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TOPEKA STATE JOURNAL, SATURDAY EVENING, AUGUST 11, 1900.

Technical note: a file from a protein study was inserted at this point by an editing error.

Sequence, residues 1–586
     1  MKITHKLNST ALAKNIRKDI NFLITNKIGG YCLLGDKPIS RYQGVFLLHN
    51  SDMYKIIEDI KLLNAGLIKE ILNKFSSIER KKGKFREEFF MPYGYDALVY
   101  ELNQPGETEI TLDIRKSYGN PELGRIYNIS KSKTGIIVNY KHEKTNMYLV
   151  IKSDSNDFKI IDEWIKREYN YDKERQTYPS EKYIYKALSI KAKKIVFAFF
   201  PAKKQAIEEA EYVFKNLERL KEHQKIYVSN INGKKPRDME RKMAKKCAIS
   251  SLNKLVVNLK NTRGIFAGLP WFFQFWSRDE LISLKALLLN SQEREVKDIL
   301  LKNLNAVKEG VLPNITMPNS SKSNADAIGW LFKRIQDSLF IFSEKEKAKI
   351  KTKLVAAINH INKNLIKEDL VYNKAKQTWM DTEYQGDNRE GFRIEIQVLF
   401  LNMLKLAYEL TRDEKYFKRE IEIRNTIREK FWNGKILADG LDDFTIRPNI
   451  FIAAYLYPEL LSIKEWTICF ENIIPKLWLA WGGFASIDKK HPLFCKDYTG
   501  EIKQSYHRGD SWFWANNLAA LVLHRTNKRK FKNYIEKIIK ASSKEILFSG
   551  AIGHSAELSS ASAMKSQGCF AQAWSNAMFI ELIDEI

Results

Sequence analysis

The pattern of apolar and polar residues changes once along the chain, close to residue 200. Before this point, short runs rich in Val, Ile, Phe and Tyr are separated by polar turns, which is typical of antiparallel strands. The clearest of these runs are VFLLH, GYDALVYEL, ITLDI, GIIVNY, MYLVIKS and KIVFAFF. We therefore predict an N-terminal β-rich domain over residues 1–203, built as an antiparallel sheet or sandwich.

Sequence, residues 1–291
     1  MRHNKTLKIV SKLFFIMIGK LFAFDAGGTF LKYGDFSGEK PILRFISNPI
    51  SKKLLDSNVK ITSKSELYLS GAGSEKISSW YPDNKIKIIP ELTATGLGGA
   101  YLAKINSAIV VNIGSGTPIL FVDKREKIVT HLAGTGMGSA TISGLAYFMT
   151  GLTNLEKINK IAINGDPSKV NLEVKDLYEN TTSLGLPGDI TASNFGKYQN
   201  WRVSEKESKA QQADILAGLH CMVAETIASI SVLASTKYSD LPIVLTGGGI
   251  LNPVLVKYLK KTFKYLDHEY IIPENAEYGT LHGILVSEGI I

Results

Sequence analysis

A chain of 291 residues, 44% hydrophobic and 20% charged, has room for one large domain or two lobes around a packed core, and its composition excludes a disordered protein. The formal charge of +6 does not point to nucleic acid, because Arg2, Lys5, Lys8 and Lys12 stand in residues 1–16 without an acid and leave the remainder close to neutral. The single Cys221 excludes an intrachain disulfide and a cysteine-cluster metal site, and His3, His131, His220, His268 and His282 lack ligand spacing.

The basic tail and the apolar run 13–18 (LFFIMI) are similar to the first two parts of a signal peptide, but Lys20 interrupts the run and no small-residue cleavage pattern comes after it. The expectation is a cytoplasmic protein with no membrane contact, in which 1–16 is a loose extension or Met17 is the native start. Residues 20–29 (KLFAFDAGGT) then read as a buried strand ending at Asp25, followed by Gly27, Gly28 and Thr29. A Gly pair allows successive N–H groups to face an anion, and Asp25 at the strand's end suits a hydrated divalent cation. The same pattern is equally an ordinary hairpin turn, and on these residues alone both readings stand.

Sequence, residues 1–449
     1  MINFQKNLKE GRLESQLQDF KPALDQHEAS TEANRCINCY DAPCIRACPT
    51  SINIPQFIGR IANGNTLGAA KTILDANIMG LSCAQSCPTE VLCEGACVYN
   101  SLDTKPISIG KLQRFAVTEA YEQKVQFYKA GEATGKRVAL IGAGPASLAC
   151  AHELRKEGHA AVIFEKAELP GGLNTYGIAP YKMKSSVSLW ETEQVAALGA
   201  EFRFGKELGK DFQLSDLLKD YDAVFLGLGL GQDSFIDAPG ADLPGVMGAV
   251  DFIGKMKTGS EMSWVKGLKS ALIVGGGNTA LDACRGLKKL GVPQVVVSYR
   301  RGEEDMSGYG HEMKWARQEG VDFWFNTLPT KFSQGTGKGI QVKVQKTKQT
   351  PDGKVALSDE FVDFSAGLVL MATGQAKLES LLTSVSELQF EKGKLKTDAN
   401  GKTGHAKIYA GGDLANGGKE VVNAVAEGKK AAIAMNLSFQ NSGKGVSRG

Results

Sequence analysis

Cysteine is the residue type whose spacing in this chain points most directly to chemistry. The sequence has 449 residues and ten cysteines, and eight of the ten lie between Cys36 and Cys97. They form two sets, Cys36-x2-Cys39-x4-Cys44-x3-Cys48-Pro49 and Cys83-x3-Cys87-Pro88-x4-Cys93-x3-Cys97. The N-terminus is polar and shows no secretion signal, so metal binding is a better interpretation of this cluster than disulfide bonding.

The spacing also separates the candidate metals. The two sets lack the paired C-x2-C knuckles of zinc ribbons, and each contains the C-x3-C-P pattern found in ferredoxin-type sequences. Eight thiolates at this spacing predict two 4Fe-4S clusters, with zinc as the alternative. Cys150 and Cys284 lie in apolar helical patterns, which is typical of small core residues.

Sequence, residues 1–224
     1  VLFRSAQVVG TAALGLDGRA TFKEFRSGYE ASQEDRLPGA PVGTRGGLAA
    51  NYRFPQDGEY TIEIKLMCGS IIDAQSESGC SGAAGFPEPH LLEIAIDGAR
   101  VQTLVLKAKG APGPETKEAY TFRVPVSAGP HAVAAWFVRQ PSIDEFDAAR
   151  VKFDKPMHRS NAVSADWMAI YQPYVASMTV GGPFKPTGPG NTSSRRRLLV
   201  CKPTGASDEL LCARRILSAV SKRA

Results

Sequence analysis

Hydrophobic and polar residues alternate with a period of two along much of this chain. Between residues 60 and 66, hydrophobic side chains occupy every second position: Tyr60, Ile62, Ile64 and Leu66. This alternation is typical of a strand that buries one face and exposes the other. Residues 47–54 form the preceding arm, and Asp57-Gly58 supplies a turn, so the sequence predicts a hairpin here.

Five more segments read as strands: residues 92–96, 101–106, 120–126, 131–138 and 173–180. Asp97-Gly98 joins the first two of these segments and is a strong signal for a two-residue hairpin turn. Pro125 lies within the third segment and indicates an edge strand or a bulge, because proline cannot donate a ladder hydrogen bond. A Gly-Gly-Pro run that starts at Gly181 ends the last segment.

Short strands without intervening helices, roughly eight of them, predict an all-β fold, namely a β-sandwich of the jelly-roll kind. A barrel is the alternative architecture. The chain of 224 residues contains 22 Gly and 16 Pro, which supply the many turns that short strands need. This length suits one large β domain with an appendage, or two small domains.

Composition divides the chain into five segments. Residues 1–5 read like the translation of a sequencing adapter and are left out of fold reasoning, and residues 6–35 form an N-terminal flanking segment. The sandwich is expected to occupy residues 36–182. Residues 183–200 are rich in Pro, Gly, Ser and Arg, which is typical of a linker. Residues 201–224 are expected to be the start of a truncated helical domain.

n THE BRITISH DOCTORS Are Making Miraculous Cures at Their Institute, 613 Topeka, Ave. PILES ARB CURED In one sitting; Do cutting. SKIN DISEASES CURED after the best doctors in this city have failed. References given. SPECIFIC SKIN ULCERS healed in a. few. days and blood purified; no re lapses. CANCERS removed and cured by plaster. References given. FATTY TUMORS CURED -without the knife or chloroform. RUPTURES CURED without cut ting; treatment painless. FEMALE DISEASES. Ovarian Fains and Female Weakness cured; also Ovarian Cysts cured without operation. My methods are new, painless and re liable. CHRONIC CONSTIPATION cured in a short time after a life time of misery. HAY FEVER, ASTHMA and Ca tarrh of Nose,- Throat, Lungs Cured by our new inhalent. One treatment free. CATARRH OF STOMACH and Eowrls, Bloating. Mucous and Bloody Discharges. Falling of Rectum, Pains in Stomach and Bowels. Pains around Heart cured by our new treatment. CHRONIC RHEUMATISM, Muscular Pains. Still Joints, we cure. SCIATICA AND LUMBAGO we cure in any stage. PARALYSIS of any part of the body. Numbness of the limbs we cure. Our field is the blunders and failures of the profession in both, medicine and Burgery. Offices 613 Topeka Avenue. Office hours 9 a. m. to 6 p. m. No Sun day hours. Stamps for reply must be sent in all letters. S. EDWARD McCULLY, M.ID. Proprietor. TEL. 436. Topeka Tent and Awning Co. 127, 129, 131 Kansas Ave. Wagon and Horse Covers, Camping Tents, Awnings. Bed Springs and Mattresses. EQUIP YOUR HORSE 'With a fine hand made harness such as GEO. KLEIN St CO. make and you will have no trouble. 718 Kansas Avemne. I LouisVanDorp i i ..... i MAJIFACTTBEK Of Galvanized Iron Cornices, Tin and Slate Roofing, Metal Skylights., J Contract work solicited in any part of the state. Hardware, Cutlery, Gasoline Stoves and Pumps. bome specials in Hammocks and Croquet Sets. 2S Kas. Ave. Tel. A little farther to go np the avenue, but the prices are a lit tle less than others. TOFEKA HACK AD LIVERY STABLE W. T. Lawlf.ss, Proprietor. 5'oQuincy Street. New rubber-tired rigs. , . Wanted Horses to board. Call 'phone 170 for Hacks at one-half regular rates. JiPHe,Jours on Lae Michigan. THE ELEGANT mm m mtmmmJZ. . snip Line, for xLiT. lf5.nne,:',,r, wi" '! S- -...m witn all aperior, utern and J.EAVES CHIOACO JS FOLLOWS: V,?" ?eamship Comor, uuuiw. HUSH . Water SlJ Wi. Schick. THEATRICAL NEWS Plays Prepared For a Trio of Well Known Entertainers. Arbuckle, Collier and Dictson to Appear in New Boles. WILL VISIT TOPEKA. Coming Season Will Likely In clude the Three Productions. Each of the Comedians Has Been Here in Past Two Years. A number of stage people who contri buted to the entertainment of Topeka audiencesduringthepast twoseasons wi! be seen in new plays next year. Among the number, who will likely again visit Topeka the coming- seasta, are Macklyn Arbuckle, Willie Collier and Charles Dickson. Colliei and Dickson have had their names in heavy type on poster and pro grammes for several years, but next sea son will be Macklyn Arbuckle's first ap pearance as a star. Augustus Thomas, WILiJE COLLIER, the prolific American writer of locality plays, has prepared an entirely original vehicle for him under the title of ""The Gentleman from Texas," and Joseph Brooks will give it a pretentious pro duction. From the fact that Mr. Ar buckle spent some time In Texas as a legal adviser struggling for an existence. the piece is particularly appropriate, and the actor should have no difficulty In reeling at homem it3 atmosphere. Arbuckle was wooed away from the law and ms Texas association by Pete Baker-, the German dialect comedian, but he .made such a failure as a German co median that the latter advised him to return to his former vocation. Instead, CHARLES DICKSON. however, the young attorney secured an engagement with the Prescott-McLean company, but remained in practical ob scurity until he attracted the attention of Broadhurst Brothers and was cast for the original "John Smith" In "Why Smith Left Home." The arrangements lor a starring tour are the results of the genuine success he made In the part. It was in the Broadhurst farce that he was seen in Topeka. W illie Collier is remembered here for his eccentric humor In the Smyth & Rice farce, "The Man from Mexico." Next season he will have a new construction for laughing purposes bearing the name "On the Quiet." It has much to do with college life, and at first It was decided to call it "Mr. Treadwell of Yale." How ever, this was relegated In favor of the title tne raree will bear. Charles Dickson was last seen here In "Mistakes Will Happen." Next season MACKLTN ARBUCKLE. he will have two new plays, and will al ternate in their production. His work in "Incog" brought him Into prominent no tice, and "Mistakes Will Happen, "which was practically all the work of hia own pen, proved an excellent vehicle. MAY YOHE AGAIN. ' Wife of Lord Clinton Hope Will Again Take Up the Stage. Lady Francis Pelham Clinton Hope, who, in the natural order of things. Is to be Duchess of Newcastle and a wo man ot wealth, who was May Yohe, a ,' ' pfefe? ft m&c km mm, w light and a grace of the playhouses not extremely artistic and serious, is to re turn to the stage, says a New York ex change. She is not to play the first par; that the managers will offer to her. bu; the first one that will plea.se her. She has said so in a letter to A. H. Chamberlyn oi the Herald Square theatre, that is a model of theatrical precision. He expects her to sign at 3 in the af ternoon today, at her return from At lantic City, a contract to play here in September in a new opera not yet named. She will sign it if the part that he has to offer be agreeable to her. In "The Cadet Girl" nothing that the manager could give was to her taste. She has the faculty to be fastidious, even If the hermitage at Potts Point, in Sydney, Australia, the work among the disinherited in the poor districts in London that she accomplished fervently in the comoAoy of her mother-in-law, the funds that locl Francis Pelham Clinton Hope could gather lords may live, like nations, on their debts for a long, long tiice huve become Impossi ble for varied reasons. New York is to hear her sing, to see iier act in the costumes that we.-e t;l- vava mad3 for her only, ag- in. The en tire romanc3 of her life rear,pear3 with Us distinct dates. She was an iron worker's daa'irer, born at Bethlehem, in Pennsylvania, in .ShS. Her mother, the granddaughter of a Protestant miniror in Indiana, i.-a-3 tne pride of aboriginal ancestry. Miss Yohe took lessons in hincr:ng from Conrad fcfchrens and from Etelka Gersler, be cause the a-itendants of the little church where she sang at services praised the quality of her contralto voice. She ran away from home in 1S85 to be a chorus girl in Rice s "Surprise Party. Two years afterward she was the Prince Prettiwit of "A Crystal Slipper" in the Chicago opera house. Pretty, vivacious, singularly captivating with her black eyes, one of which has the cast that made Rejane's fortune. Miss Yohe ran away from her managers. She played in "U and I" in San Fran cisco, and there gossip married her to a son of General Williams. She played in Boston, and there gossip married her to John Mason, then leading player in tne Boston Museum. She played in ifew York, and here gossip married her to a Wall street broker, a Chicago million aire, a Massachusetts senator. Gossip had more occasions to be ab surd about May Yohe than about many other persons. She was so exquisitely disdainful of gossip. In 1S92, while she was playing in the Garden Theater, Francis Pelham Clinton saw her, fell in love with her and persuaded her to try to conquer London. She appeared there at the Lyric the ater in "Little Christopher Columbus," was presented . to the Prince of Wales, became a favorite, was the celebrity or "The Lady Slavey" and "Little Dick Whittington." Second son or the Duke or Newcastle and poor, Francis Pelham Clinton added to his name that of Hope, in order to inherit a fortune left by his grandmoth er, wife of a diamond merchant of Ams sterdam. Then, in the Hampstead church, in 1893, May Yohe became his wife. Five years afterward he was a bank rupt, with liabilities of $3,269,710. Tne items of it on record in the English bankruptcy court agitated the small talk of the clubs for a week. They were: Eating and drinking, J295.000; backing the Lyric and other theaters, 1105,000; betting and gambling. $350,000: money spent on behalf of other people, $350,000; cost of raising money, iso.uuu; living ex penditure, $200,000; minor debts, $50,000. DELIA STACEY'S BABY. It "Was a Small Indian Pappooso Pur chased for $2.00. Miss Delia Stacey, known to Topeka I people through "A Bachelor s Honey moon, once bought a baby, it was a little Indian pappoose, and it cost just $2. Miss Stacey ,who was then a very small girl, decided that a live baby would be ever so much nicer than a doll, ana started out to save her pennies to buy one, says a Chicago paper. Colonel Sta cey, who was then In command or Fort Thomas, Arizona, was off chasing Ger- ! onimo and his band. The penny bank of his ambitious daughter was about filled a week before his capture of the Indian chief, and she took it upon herself to negotiate the purchase of her heart's desire. Among the squaws who came in from the reservation one day was one with a baby a month old. The penny bank was eagerly emptied and the pap poose had an adopted mother. All. the persuasions of Mrs. Stacey could do nothing with the headstrong child. The baby was dressed and put to sleep in a big armchair, and, like all In dian babies, it was as quiet as a mouse. The day Col. Stacey came back the first thing he did was to sit on the pap poose. Then It ceased to be a stoic. "What in the world is this?" he demanded. The young mother bravely stood by her child. "It's mine, and I paid two dollars lor it," she sobbed. An or derly was dispatched to the reservation with instructions to senr all the squaws in. They came. The pappoose went. "And I lost both the baby and the two dollars," said Miss Stacey. GOES SYKES ONE BETTEB. Agent of "Alcazar Opera Company" Digs Up More History. The manner in which reminiscence begets reminiscence is shown by the following anecdotes, recalled bv a re cent publication of recollections of the days when Jerome Sykes and a well- known agent were associated in the conduct of the Alcazar Opera company. in a letter to ssykes he says: "Funnier things happened with the Alcazars. You will remember at St. Ignac, Yucatan, you invited me over to the iaii, saying one of us had to be locked up for beginning the 'opera' be fore the commissioner general's inspec tor Diew ms cornet, and, as you had to go on for a matinee, they gave me a cell until you could get back to re lieve me. I threatened to leave the jail unless they sent out and got me a pool table. After that you hired a man to be locked up whenever we interfered with the law, as we were too busy to have our time taken up and couldn't study law in Spanish. You will remem ber at Guadlahara, county of Santa Cruz, Mexico, the painter sent us in a bill for $3.20 for painting dodgers for the Alconol Comic Troupe. At Limber- ville, Waxahatchie county, Texas, a German landlord played the Alcazars, You looked over the advaneesale and told him it was bad. He said not to mind, we d have a good house anvwav. You said you bet we would not play to S40. 'vorty dollars, said the manager. 'Veil, I should say not. The biggest house dot ever here vas, vas $18." A PUZZLING SITUATION. How the Male Patti Happened to Es- j cape the Wrath of the Orchestra Leader. There were some fears of trouble be tween the orchestra at the Palm Gar den last week and Stuart, "the male Pattl," says the Washington Star. Mr. Stuart has a repertoire whose musical difficulties might puzzle a prima donna, and the orchestra had not time to get the accompaniments pat when the cur tain rang up on Sunday night. Stuart I was visibly annoyed, and after the show dropped his soprano, donned his "Whoa, Bill" voice and proceeded to tell the leader of the orchestra a lot of things which the impersonator thought he-ought to know. The leader gasped with indignation, started to speak and then, without a word, took up his vio lin and proceeded to play. "What made you take all that abuse from him?" a spectator asked, later. "Well," the leader answered, "he had me guessing. I was excited, and for the minute I couldn't make up my mind whether I ought to smash him for a man or-whether I was under obligations to treat him like a laoy." TE cbawfoejd opening. Stock Company From Hopkins' Thea ter in Chicago Booked. The theatrical season at the Crawford theater in this city will open on Monday, August 20, when the Verone & Falk company from Hopkins' theater in Chi cago will -commence a weeic s engage ment. Two matinees will be given dur ing the week, on Wednesday and Satur day afternoons, and tne repertoire wiu include "Lost Paradise," "In Mizzourl, "Pawn Ticket 210," "The Banker's Daughter," "Wicked London," "May Blossom." "Fanchon" and "Little Lord Fauntleroy." The company will be made up chleny of members of the Hopkins Theater com pany, and will return to Chicago for the winter shortly alter tne engagement here. The company will include Baby Lund, the child actress who has been commanding a splendid salary in vaude ville for the past two years. Also John A. West, who will have a new black face musical comedy turn. The time between the acts will be filled in with specialties. The interior of the theater is being re- papered and painted, and electric fans will be provided while the warm weath er continues. The Hopkins company was secured for the engagement here through Mr. Chas. Elliott, formerly interested with Mana ger Crawford here and now with the Hopkins people. ECoyt's Many Farces. Charles H. Hoyt has been a prolific writer of plays, the following being full list of his productions: "Gifford's Luck," "A Bunch of Keys," "Gozelia, "A Parlor Match," A Rag Baby," "A Tin Soldier," "A Hole in the Ground, "A Midnight Bell, A Brass Monkey, 'A Texas Steer, A Temperance Town," 'A Black Sheep," "A Trip to China town," "A Milk-White Flag," "A Con tented Woman," "A Stranger in New York," "A Day and a Night in New York,' 'and "A Dog in the Manger." It will be remembered that Maude Adams made one of her first successes in the part of Dot Bradbury in "A Midnight Bell." J erome Sykes in Kansas. It Is almost impossible to imagine "Foxy Quiller" Sykes playing a heavy villain in a "straight " dramatic De duction, but he once did it for two sea sons, supporting Newton Beers in"Enoch Araen and a repertory, says an exchange. Playing in "Enoch Arden" in a Kansas town they found the theater had no sea-drop backing for tne wrecKing scene. The company ear ried a sea cloth but no drop. As a last resort they had to work the sea cloth against a backing of kitchen flats. Ev ery time the lightning flashed it reveal ed the wreck occurring inside a kitchen. Mr. Sykes said he was too much in earn est to realize it then, but the perform ances of that company were funnier than any farce-comedy ever staged. Sousa Captured Paris. The Fourth of Julv here was a trulv glo rious day for John Philip Sousa, says the i-ans correspondent ot tne Uramatic Mir ror. The "march king" became the idol of .fans on his tlrat apDearance here soma weeks ago, and he returned from his tour oi Germany to nna a orlncelv welcome in store for him. Sousa and his band sig nalized their return bv a concert at the unveiling of the Lafayette statue given by me scnooi cnuaren or tne United States in tne court oi tne Louvre. There was a. great crowd present, and Sousa's new march, "Hail to the Spirit of Liberty," set the crowd wild with approval. Then the band headed a parade through streets in which the Stars and Stripes were every where seen. In the afternoon and evenini? the band was heard again, at the Espla nade des Invalides, and the enthusiasm was even greater than before. Hence forth and forever Paris is Sousa's slave. Theatrical Notes. Alice Nielsen oDens her thirrl a.nnnnl tour at New Haven about September 10. "The Forst Lovers" will be dramatized for Charles FTohman by Edward Rose. line (Jollier s new play, "On the Quiet." written bv Augustus Thomas. calls for twenty-two character parts. Mrs. Leslie Carter has closed her long run with "Zaza" in London. She will be in Paris for the next month. The Royal Box will go on the road next season, with Andrew Robson Dlav- ing the principal role. Mr. Robson ap peared In this piece after the death of Charles Coghlan. in the new Dlav written bv Robert Mar shall for Nat Goodwin the latter will im personate -a British officer who does not fight, but figures in Lowchester barracks and London drawing rooms. ciara Lipman and Louis Mann were re cently arrested in Bavaria for trespassing, and escaped with a small fine. They had gone to that country to witness the Pas sion Play. Little Jessie Mackaye Is on a bridal tour to Saratoga and the lakes with her wealthy husband. Robert Hobbs. Next season Miss Mackaye will be Jefferson de Angens leading laay in "lne Royal itogue. "The Casino Girl" has proven so great a success in London that George Lederer is said to have been offered $150,000 for the provincial rights. The offer was refused, as Mr. Lederer intends to play "The Girl" through the country himself. Robert Taber, the well known American actor, will not leave London next season, as recently reported, but will remain in that city and play the role of ,"Cassius" in the forthcoming production of "Julius Caesar" by Beerbohm Tree. Frank Daniels will, begin his season's work at Manhattan Beach on August 20 in "The Ameer." He will be supported by his entire company, and immediately af- ter this engagement will tour the country from the Atlantic to the Pacific, taking In every state in the union except Idaho. The Dunne and Ryley farce compriy company will close its season in San Francisco tonight. As a closing attrac tion, "The Rivals' will- be given, with Walter Jones, Matthews, Bulger, Mary Marble and Maude Courtney in prominent parts. Manager Brady says that "The Man from the West," In which James J. Jef fries is to star next season, "is not a rip roaring melodrama.," for which negative favor let us trv t be duly thankful and wait to know what the play is till we see it. Ford and Brattcn are authors of the lines and the music which Peter F. Dailey will sing in "Hodfe. Podge & Co.," and also of those which Otis Harla-n will sing in the new McNally farce in which Frank McKee will introduce the Agoust family. Julian Edwards is writing the incidental music for "In the Palace of the King." Marion Crawford's Spanish play of . Philip Il's time, in which Viola Allen is to star next season. The period permits the adaptation of some ancient Spanish themes and some pypsy music such as Bizet utilized in "Cirmen." "The Gay Pretencers," a comic opera, written by George Grossmith. Jr., is to be produced in London about October 1, with the elder Grossmith in the leading role. Should the opera prove successful George Lederer Is said to lave the first choice as a bidder for th production in this country. - Reports from Lordon say that Hugh Morton and Gustave Kerker have decided to take separate paths in the future. Mr. Kerker will bring the "Wire Walker" to this country for its final touches, and may call in Harry Smith U help out, Mr. Mor- THE BEST PRESCRIPTION IS Grove's Tasteless Chill Tonic, The formula is plainly printed on every bottle hence you know just what 'you are taking when you take Grove's. Imitatori do not advertise their formula knowing that you would not buy their medicine if you knew what, it contained. Grove's contain Iron and Quinine put up in correct proportions and is in a ' Tasteless form. The Iron .acts as a tonic while the Quinine drives the malaTia out of the system.. Any reliable druggist will tell you that Grove's is the Original and that all other so-called Tasteless Chili Tonics" are imitations. An analysis of other chill tonics shows that Grove's is superior to all others in every respect You are not .experimenting when and excellence having long only Chill Cure the United States. ton remains In London and Is said to be writing a play, for Edna May. Young actors and actresses will be given an opportunity to show their worth the coming season by F. C. Whitney. Caro line Rohr. a Baltimore girl, who has been on the stage but three years, will play "Poppaea" with one of the "Quo Vadis" companies, and Marcus Ford, a Harvard graduate of four years ago, will play "VInicius" in the same company. Eddie Foy, the "original hard luck com edian," last Tuesday sent his boy home from down town in New York in .care of a messenger boy. The latter found the house closed, and refused to leave young Foy without a receipt. When the elder Foy arrived home some hours later ex citement and confusion followed until the boy was located at the telegraph office. The messenger was holding on to his charge waiting for a receipt. Anna Held is to begin a tour in "Papa's Wife" visiting cities where it has not been seen late in September. After the holidays, it is again said though the re port has been denied at least once that she will bring out in the. Manhattan the ater, New York, an English version of Donnee's "The Education of the Prirfce," taking herself the part of the young queen mother, created in French by Jeanne Gra nier, a part which, it is whispered, took all the address of the matchless Granier to keep from being damned even on the latitudinarian Paris stage. ELK AND WOLF. From Forest and Stream.! We had just entered a range of sand hills, which characterize the Dismal river country, when we were attracted by the strange antics of a bunch of elk. They were cows, calves, and spike bulls. When we first saw them they were hud dled together in a round bunch ana seemed "milling" about Jike cattle at a roundup. As we stood looking at them they broke into a run, going 100 yards or so, and then stopped and knotted up again. At first we could not make out what the matter was, but on going closer to them saw that they were being harassed by a couple of buffalo wolves. The elk would bunch up, with the cows and young bulls on the outside, heads out, calves in the center, the wolves circling round the outside and trying to break up and scatter the herd so they could single out a calf. The wolves charged again and again. but for a long time the elk stood firm. we lying on an adjacent hill and watch ing tne sport. At last the wolves with drew and seemed to give it up. At this the elk broke into a run again. As soon as their organization was broken the wolves returned to the charge, and this time succeeded in cutting out a two year old heifer. As soon as the heifer was separated from the bunch her fate was sealed, as the wolves kept between her and the rest until they were well out of the way, and then closed with her. One of the wolves seized her by the ham, and in an instant she was down, with ham string severed. The other wolf then sprang at the throat, and the Jugular vein was cut as quickly as it could be done with a knife. DWARF AND HIS PROGENY From the San Francisco Examiner.! Andrew Campiano, aged 45 years, height feet. Louis Campiano, aged 15 years. height 4 feet. Frank Campiano. aged 13 years, height 3 feet 4 inches. These are the names, ages and dimensions of the queerest little family in California. Their home is in Oakland, and one may visit them any day at their residence on Fifty- first street, near Telegraph avenue. They may be seen going about their business in as matter of fact a manner as though they were as big as anybody. Their occupation is the raising of flowers and Mr. Campiano, the father, says that he would rather work in this vocation than be the greatest celebrity the vaude ville world ever knew. He has a wife who is quite tall taller than the average woman and the two have always been happy together. Two of his sons take after himself in stature. They are round limbed, sturdy youths, with a somewhat mature Expression on their chubby facer as though they had advanced mentally correspondingly to the retardment of their physical growth. All are of a sunny dis position, taking after the genial clime of southern Italy, where their father and mother were born. The elder Campiano says that he might account for his own - diminutiveness. "I was unable to walk until I was four years old," he says. "By that time I had almost reached my present height. I have grown stouter in the succeeding years, but very little taller. I grew very rapidly up to the age of four, when rheumatism or some other disease fell on me like a blight and stunted my growth. My children have not inherited the ailment that I suf fered in my infancy, and which may have been the cause of my retarded growth. On the contrary they have always been very healthy. "I was the first small person in my family . so far as I know. Both my par ents were large people, my mother espe cially. She weighed more than 200 pounds. I have one other son, who is not small like us. but takes after his mother. He works for a florist, and he sells most of our flowers for us. My eldest son was born in my native country; the other two, the little ones, were born here." New Train For Chicago via Santa Fe Route. Leaves Topeka 3:00 p. m., arrives Chi cago 7 :40 a. m., before departure of out bound connecting trains for resorts in the northern lake region, as well as those of the St. Lawrence and the At lantic coast. Carries Standard and Tourist sleepers. Free chair cars. Din ing car. Other trains at 4:30 a, m. and 4:40 p. m. T. I KINO, Agent Chills MAKES MAKES ""AULTSJ AS FAT AS ASr-ATASI you take Grove s its superiority been established. Grove s is the sold throughout the entire malarial sections, fil No Cure, No Pay; Price. 50c Tm NT TO FRUITGROWERS MD FARMERS: Do you know we have a mammoth Cold Stor age Warehouse ia Topeka one of the greatest in the West available for all Kansan3 ? t2F Store your eggs now, and make arrange ments to store your apples, to await the good prices available out of regular season. . Onr Capacity 50 Cars Eggs. " " 100 Cars Apples. tW We make fifty tons of Ice daily. Correspondence solicited. Mention Topeka State Journal. - Moeser Ice & Cold Storage Co. I TOPEKA, ooooooooooooooooooooooooootoooooooooooooooooooooooooot A Little Pleasure Along with Work Is what is needed by alL It preserves the health of the wife and of men. Some outdoor exercise is needed by everyone during six months of the year in this climate. Most pleasure and health can be secured through a horse and buggy and all of the family can enjoy it We show the very best work, in the latest styles, at prices that attract buyers, and also those who come to look only. The latter can see their way clear to buy here. Phaetons, Surreys, Traps, Depot Wagons, all kinds of Business Wagons, Harness, and Clothing for Horses. WARNER & POTTER, 526 and 52S Qufncy Street.. ooooooooooooooooooocfeooooo iMHiirasroEinsrO' 2 . WE CAN SAVE YOU MONEY ON YOUR PRINTING CALL Y7B UP. TELEPHONK No. SO. W. V. GAVITT PRINTING St PUBLISHING CO., 601-603 E. Fourth Street, 400-402-404 A&una Strut, i i TOPIZA, XAKS. tmwmmmmmmmmmmmmmmjmmmmmmmmmmmmmmmmmmwmmmmmmmmmmmmmmmmmmmwmmmm Q. F. MILLER Plumbing and Heating Co; Gas Fitting and Fixtures, Pumps and Supplies. 637 QUINCY ST. Telephone 863. SOUTH SMOKE II. L. TROMP. J KANSAS. ooocoooooooooooooooooooooof OP WATER CO.'S OFFICE. - Topeka, Kansas. kpOlU- TOPEKA.